Asian Indigenous Delegates Assert U.N.
Rights in Shillong Meeting
The governments, United Nations Agencies, and international communities
should pay attention to improve the situation of indigenous peoples
and promote their rights, especially the rights of indigenous peoples
in the Northeast India,” said Mr. Parshuram Tamang, the current
Asia member to the U.N. Permanent Forum on Indigenous Issues (UN
PFII) at the concluding session of the Shillong meeting that took
place from February 25 to 26.
At this Asian preparatory meeting, about 40 representatives from
ten countries made recommendations to UN Permanent Forum, UN Agencies,
governments, and international agencies to implement strategies
and action plans for poverty reduction and primary education programs
for the indigenous communities. Ms. Lola Garcia-Alix from the International
Working Group on Indigenous Affairs (IWGIA), Denmark also attended
This meeting was aimed with the objectives to gain a broader understanding
of UNPFII and make concrete recommendations to the Permanent Forum,
which will convene its 4th session in New York this coming May.
The delegates came from India, Nepal, Bangladesh, Thailand, Burma,
Philippines, Malaysia, Japan, and Taiwan.
“Indigenous peoples should use the United Nations Permanent
Forum on Indigenous Issues as advocacy tools for establishing their
rights”, added Ms. Victoria Tauli-Corpus, the other Asian
Representative to United Nations Permanent Forum during the Shillong
meeting over the weekend.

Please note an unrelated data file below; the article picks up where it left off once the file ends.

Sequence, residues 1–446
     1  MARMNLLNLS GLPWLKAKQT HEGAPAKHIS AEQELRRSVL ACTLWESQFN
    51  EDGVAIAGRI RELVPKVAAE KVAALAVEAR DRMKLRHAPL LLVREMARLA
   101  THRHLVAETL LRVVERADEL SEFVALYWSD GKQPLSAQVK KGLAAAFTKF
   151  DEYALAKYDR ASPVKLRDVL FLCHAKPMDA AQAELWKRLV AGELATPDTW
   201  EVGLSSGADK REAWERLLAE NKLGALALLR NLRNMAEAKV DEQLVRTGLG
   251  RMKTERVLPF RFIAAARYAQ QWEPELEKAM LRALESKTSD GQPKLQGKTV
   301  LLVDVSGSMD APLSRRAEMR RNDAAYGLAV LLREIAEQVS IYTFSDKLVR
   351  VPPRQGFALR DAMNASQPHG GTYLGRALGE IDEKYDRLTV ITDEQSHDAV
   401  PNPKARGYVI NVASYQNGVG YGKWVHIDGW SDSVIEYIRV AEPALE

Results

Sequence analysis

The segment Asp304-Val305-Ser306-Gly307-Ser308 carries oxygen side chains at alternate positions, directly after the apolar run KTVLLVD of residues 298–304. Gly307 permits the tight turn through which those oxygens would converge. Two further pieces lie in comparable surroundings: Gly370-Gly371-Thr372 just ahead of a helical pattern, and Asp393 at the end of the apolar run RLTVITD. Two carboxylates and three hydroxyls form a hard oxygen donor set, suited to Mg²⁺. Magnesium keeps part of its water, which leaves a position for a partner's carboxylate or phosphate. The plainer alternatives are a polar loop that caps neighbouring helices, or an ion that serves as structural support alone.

The two-day long preparatory meeting was jointly organized by Asia
Indigenous Peoples Pact Foundation (AIPP), Thailand and the Cordillera
Peoples Alliance (CPA), Philippines and hosted by the Naga Women’s
Union in Manipur (NWUM), and the Meghalaya Peoples Human Rights
Council (MPHRC). In this meeting indigenous delegates have made
recommendations on land rights, right to forest and resources, education,
women, children and youth.
Recommendation was made on free, prior and informed consent must
be followed in all the processes for the developmental activities
that affect indigenous peoples, directly or indirectly. It was also
discussed in the meeting that the right-based poverty reduction
strategy should be adopted for indigenous peoples who are the most
Expressing their concerns about the U.N. Millennium Development
Goals, the meeting participants said they have failed to include
indigenous peoples and made specific recommendations to the 4th
session of the United Nations Permanent Forum on Indigenous Issues,
the body set up by the United Nations to deal with indigenous peoples
The indigenous representatives also appealed to Chief Minister
D. D. Lapang to cancel the uranium mining at Domiasati, West Khasi
Hills not to resort to coercion, intimidation and force on the people
who are demanding guarantees for their future generations.